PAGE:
Sometimes, it's as easy as standing up and saying "I'm a Nebraskan."

Blogger Ryan Anderson said...

"Sometimes, it's as easy as standing up and saying "I'm a Nebraskan."

Unfortunately, it's almost never that easy. The carpet-bagger attack is more than just a good line, it's an entire story, a complete narrative... and a damn compelling one, too.

Calling someone a carpet bagger paints a pretty complete picture: Candidate X doesn't know what issues effect you. He doesn't care. He's just here to fool you into offering him the power and prominence of "community leader", even if he doesn't belong to the community and has no interest in actually "leading".

That's not bad for two words (or one, or two-with-a-hyphen).

The simple truth can't compete with that narrative, because the simple truth isn't compelling enough to stick. To be perfectly honest, I think that's where the Kleeb campaign fell short. Here was a candidate with a very compelling and unique background, running for office in a state that prides itself in electing people with unusual histories, and the "Generations" ad they cut to introduce him to voters tried to portray him as a Generic, Model A Nebraska farmboy. Which he isn't. He doesn't fit that cliche, and in my mind that's exactly what makes him so Nebraskan. Nebraska is weird. We like people who break the mold... not conform to it.

All of which is besides the point (and for what it's worth, it's very difficult to find flaws in Kleeb's campaign strategy). The claim itself is both untrue and reprehensible. The lowest of the low. But it works, and we shouldn't underestimate its power and potential.

Anonymous Anonymous said...

the fact of the matter is that nebraska is becoming a destination for political opportunists of both parties, namely kleeb and fortenberry. it's changing the face of nebraska politics, for the worse.

Anonymous Anonymous said...

I understand the "hesitation" among Nebraskans to an extent, but what they are choosing NOT to see is that Scott is a very educated man who CHOSE to return to Nebraska and give back to/for the good of the state, particularly western Nebraska. Rather than undermining that devotion, the state should have embraced his knowledge, patriotism, and loyalty to coming back willing to make a difference. He appears to be someone who is not jaded by the "political mess" that captivates 24 hour news channels, he seems genuine and willing to make a difference for the good of Nebraska. Isn't that what Nebraskans really want? Someone to support THEIR needs, THEIR desires, when larger cities and states seem to captivate attention and Nebraska is often forgotten. Why NOT have a well-educated and invested person boldly discuss the important needs of the state?! Even within the state and it's legislation, central and western Nebraska is mistreated due to it's lack of population. Shouldn't someone educated and driven speak for those underrepresented populations?
Many may disagree with my following comment but I think at times it means more when one sees the world and chooses to return. That means that they have seen other opportunities and yet they KNOW where their heart and their "home" truly is. To me it means more to have someone reside in Nebraska "at last" versus someone who resided in Nebraska first. Many educated people go off to school in other places, should Scott Kleeb be punished for his Yale degree?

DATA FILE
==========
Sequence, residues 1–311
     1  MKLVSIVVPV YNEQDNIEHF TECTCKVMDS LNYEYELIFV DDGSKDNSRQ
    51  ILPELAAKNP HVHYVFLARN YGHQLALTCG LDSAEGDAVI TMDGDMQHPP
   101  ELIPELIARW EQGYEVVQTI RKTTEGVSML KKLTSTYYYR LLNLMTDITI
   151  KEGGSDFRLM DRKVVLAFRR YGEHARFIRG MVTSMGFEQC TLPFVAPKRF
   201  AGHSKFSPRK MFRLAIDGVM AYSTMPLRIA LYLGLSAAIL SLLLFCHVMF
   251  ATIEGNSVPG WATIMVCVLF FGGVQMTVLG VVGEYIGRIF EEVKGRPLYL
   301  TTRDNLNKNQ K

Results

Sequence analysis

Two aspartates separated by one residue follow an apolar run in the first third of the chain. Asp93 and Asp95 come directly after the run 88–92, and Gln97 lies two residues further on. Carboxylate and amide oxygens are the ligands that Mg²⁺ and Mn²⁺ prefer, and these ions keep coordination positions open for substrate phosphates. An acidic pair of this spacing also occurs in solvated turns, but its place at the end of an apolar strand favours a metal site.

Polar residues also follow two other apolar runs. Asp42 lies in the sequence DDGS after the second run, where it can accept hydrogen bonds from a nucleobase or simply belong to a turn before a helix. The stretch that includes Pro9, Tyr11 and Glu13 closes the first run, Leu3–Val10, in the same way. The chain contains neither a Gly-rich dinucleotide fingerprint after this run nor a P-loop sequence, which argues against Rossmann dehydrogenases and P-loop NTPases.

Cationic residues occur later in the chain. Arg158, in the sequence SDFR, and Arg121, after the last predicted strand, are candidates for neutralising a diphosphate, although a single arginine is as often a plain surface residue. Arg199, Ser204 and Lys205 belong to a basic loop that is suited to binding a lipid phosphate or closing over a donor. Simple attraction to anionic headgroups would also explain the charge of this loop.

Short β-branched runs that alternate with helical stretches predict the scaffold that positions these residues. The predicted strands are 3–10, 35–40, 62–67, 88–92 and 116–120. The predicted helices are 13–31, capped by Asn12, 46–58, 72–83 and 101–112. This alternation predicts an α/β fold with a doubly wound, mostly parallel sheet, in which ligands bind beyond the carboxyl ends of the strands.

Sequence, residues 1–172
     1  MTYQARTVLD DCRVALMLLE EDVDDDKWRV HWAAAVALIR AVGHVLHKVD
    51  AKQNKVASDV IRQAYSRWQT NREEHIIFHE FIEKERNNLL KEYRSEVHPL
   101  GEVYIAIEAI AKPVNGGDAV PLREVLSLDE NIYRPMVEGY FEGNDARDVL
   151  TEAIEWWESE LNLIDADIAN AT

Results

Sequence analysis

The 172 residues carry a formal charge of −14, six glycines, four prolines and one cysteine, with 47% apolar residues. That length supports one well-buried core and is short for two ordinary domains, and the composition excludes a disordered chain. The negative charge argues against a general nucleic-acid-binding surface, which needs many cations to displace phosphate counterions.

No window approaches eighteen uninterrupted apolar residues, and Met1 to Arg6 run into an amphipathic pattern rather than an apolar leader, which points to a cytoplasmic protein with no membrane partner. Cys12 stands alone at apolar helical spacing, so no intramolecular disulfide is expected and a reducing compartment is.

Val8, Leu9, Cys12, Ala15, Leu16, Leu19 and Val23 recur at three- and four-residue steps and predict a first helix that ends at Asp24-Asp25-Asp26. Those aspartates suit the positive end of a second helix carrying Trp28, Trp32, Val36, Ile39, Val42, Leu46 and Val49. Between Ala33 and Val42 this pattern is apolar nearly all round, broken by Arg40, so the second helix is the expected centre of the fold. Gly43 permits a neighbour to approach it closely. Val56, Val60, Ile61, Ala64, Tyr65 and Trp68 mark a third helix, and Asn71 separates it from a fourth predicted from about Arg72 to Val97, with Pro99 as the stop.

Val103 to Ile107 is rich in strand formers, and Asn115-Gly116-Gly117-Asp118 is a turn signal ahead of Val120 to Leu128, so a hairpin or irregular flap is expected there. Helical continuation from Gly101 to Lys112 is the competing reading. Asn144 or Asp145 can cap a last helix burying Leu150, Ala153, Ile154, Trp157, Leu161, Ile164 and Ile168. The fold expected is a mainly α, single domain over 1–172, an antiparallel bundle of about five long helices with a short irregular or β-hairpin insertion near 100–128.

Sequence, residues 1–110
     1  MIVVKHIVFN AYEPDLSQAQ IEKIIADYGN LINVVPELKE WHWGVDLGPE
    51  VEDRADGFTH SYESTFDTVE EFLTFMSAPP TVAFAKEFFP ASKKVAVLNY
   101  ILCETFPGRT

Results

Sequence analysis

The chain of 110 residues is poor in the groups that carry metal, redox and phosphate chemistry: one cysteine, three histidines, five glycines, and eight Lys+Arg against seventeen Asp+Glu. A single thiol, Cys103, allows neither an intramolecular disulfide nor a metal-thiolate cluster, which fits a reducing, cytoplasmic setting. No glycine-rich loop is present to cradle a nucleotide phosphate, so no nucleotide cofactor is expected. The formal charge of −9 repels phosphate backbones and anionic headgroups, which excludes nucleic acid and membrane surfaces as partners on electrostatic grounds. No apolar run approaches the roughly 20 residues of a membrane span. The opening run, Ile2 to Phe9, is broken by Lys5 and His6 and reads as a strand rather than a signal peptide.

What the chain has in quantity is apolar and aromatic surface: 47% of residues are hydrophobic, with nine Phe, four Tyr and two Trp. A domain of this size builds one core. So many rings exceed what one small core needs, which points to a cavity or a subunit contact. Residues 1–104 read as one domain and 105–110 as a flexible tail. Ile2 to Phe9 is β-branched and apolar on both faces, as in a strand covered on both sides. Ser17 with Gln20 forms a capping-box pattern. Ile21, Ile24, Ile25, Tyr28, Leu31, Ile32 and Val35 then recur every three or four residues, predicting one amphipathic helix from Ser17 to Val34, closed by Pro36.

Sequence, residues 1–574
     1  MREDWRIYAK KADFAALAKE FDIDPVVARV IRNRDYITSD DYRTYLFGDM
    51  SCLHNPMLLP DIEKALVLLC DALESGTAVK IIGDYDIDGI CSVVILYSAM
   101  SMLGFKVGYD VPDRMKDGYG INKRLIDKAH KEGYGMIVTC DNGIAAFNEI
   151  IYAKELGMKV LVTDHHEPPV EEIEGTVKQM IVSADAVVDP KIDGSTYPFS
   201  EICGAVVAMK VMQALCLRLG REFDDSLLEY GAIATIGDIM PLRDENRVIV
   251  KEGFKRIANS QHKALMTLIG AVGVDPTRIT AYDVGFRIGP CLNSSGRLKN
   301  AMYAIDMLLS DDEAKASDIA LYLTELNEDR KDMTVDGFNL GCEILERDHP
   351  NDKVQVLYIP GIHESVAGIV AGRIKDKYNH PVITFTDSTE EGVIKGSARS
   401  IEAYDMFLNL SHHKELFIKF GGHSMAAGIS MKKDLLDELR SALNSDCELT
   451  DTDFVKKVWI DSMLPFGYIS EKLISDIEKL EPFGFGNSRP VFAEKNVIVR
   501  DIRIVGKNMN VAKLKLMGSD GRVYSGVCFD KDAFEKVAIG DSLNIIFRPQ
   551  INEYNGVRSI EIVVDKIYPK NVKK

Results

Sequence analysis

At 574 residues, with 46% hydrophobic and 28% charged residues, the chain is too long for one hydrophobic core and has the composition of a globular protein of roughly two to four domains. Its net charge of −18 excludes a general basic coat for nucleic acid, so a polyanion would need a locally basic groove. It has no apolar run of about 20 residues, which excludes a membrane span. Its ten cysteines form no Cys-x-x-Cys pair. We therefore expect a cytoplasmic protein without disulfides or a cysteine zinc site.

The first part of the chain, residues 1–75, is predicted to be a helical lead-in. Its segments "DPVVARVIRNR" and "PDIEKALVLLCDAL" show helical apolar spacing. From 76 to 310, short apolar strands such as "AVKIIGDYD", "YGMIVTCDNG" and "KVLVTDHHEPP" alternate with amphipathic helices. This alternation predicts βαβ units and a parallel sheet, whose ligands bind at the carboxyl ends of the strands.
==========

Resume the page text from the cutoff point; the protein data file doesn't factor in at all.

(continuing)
I am a Hastings College graduate and I was more than pleased to see that Scott Kleeb will soon be teaching there. Hastings College is very fortunate to attract such an educated and devoted man, and I hope that the state of Nebraska soon recognizes the value of Scott Kleeb and the strength that he could bring to the political platform and the state as a whole.
I am very proud to be a Nebraskan but I am unhappy with our state's attempt to hold back such a strong candidate. Both Scott Kleeb and his wife appear to be value-oriented, mindful, conscience driven people who are very forward thinking...isn't that what we, as Nebraskans, want to represent us?

Blogger Lisa Hannah said...

The comments during the campaign made me sick. They were dripping with hate, and all an attempt to make Scott into something he wasn't.

Scott is a decent, dedicated, HONEST, kind, intelligent, hardworking person. Something a relative of his, Butch, said to me the night of the election has stuck with me: If every voter in the 3rd had been able to talk face-to-face with Scott, he would have won with a wide margin. He's that likable and geniune.

I, too, graduated from Hasting College and am THRILLED Scott will be working under Dr. Rob Babcock (who happened to be my favorite professor!).

But even after all this, what could come out of this is something GOOD. If Scott decides to run again, and if he runs against Adrian Smith again, Smith and his hacks will have lost all their arguments. Scott will now be:
1) A Nebraska Resident (he was before, but they didn't believe that)
2) A property owner (therefore paying taxes they claimed he never paid, even though he did).
3) No longer an "east coast liberal" - he will teach at a private Christian college.
4) Married - that's always a good thing with Nebraskans.

Also, he won't have to start all over introducing himself. He's keeping himself available, and with the help of supports, his name is being kept in the public conciousness. He won't have to start over with introducing himself to everyone.

I think we've only just seen the start of an amazing career - Scott will someday represent Nebraska, and he will make everyone, R's and D's alike, proud of his leadership. That is something I do not doubt.

Anonymous Anonymous said...


it sickens me how the calculated steps he is taking are not seen as disingenuous. look no further than his costume; i've never seen anyone look so uncomfortable in cowboy boots. his only concern is his political career, and he can't pull his ivy league wool over nebraskans' eyes forever.